Books can not really teach sculpture, the artist must experience it. The carver must strengthen the hands to respond deftly to the mind to fulfill the dreams and wishes of the carver.
One of the first problems you must overcome is vision.
Each of your eyes view things two dimensionally. It is not until
the brain reinterprets the two images does the mind see the depth
of the vision.
Even though you may fall short of your expected desires.
You will be impelled by this ever-flowing desire to try again
to surpass yourself. You must not feel discouraged. You must
be you own severest critic and return to an idea with renewed
faith and determination.
You may feel that you will be an artist after a short period of study, whereas if you really have the desire to become an artist, you know that you will be learning to the end of your days.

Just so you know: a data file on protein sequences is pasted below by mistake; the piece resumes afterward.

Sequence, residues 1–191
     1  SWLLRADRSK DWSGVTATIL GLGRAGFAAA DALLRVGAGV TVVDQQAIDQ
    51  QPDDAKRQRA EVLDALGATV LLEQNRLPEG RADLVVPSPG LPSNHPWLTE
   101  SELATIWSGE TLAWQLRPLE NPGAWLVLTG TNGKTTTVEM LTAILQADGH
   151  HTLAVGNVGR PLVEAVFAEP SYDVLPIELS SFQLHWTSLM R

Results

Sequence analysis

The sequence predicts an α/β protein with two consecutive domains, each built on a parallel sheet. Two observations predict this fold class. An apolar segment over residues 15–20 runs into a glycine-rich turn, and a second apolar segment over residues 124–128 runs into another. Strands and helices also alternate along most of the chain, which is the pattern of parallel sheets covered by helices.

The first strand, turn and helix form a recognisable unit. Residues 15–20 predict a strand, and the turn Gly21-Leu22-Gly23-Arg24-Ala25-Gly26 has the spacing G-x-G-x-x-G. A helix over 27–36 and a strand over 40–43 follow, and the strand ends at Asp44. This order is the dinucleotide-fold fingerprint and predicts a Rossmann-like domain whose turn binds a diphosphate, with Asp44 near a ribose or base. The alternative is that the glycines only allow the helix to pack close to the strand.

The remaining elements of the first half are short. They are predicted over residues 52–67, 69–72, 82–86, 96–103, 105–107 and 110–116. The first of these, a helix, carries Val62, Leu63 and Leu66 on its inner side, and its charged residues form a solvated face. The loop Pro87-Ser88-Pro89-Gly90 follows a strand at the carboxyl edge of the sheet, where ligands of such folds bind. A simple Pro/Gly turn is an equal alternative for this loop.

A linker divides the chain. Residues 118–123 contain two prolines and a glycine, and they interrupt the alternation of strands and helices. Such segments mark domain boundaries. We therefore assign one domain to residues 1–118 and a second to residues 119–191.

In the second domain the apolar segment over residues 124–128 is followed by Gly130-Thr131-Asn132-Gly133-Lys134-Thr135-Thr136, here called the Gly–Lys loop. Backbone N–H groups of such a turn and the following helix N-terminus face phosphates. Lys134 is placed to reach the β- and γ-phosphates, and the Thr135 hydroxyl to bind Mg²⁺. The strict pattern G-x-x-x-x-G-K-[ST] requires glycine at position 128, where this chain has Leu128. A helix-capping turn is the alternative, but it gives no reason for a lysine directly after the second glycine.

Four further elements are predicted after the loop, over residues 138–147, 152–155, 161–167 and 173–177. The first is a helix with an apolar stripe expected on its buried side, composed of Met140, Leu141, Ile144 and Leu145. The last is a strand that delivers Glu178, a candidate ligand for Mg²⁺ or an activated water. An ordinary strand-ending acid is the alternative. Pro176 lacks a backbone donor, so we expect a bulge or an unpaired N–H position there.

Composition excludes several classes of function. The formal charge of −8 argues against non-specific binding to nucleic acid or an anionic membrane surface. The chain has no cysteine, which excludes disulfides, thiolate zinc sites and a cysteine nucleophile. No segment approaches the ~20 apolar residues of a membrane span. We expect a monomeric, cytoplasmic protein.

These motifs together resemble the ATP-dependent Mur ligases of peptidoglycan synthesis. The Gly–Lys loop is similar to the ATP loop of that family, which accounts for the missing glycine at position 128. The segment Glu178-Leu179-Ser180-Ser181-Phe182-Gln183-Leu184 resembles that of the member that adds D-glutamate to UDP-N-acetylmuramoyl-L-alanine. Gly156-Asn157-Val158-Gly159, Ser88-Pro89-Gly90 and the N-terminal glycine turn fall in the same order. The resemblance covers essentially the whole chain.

Carving can be a great benefit to anyone. Training
the hands to respond to the mind produces a fulfillment of self,
and promotes the way you are viewed by your friends and the general
public. It can be a distinct and fulfilling experience. Finally
there is that sense of ecstasy when the carving is completed.
Many of the answers that I have given to people about
my carving can only be understood after one has attempted and
fulfilled the desire to create a beautiful carving out of a piece
" How long does it take to make a sculpture?" I am often asked, " Until it is finished is the answer."
If you try to create a carving according to a time schedule, either the carving will be worthless or the stone will break. You will find it difficult to force the stone to do something that it can not. You will find yourself limited by the grain of the stone and the laws of physics.
I now give my students my two rules:
1. If somebody says something nice about your carving, say, "Thank You"
2. Do not tell the person what you think is wrong with
the carving. You then are spoiling their pleasure of seeing the
beauty of your carving. The public only sees the beauty, you
only see the faults.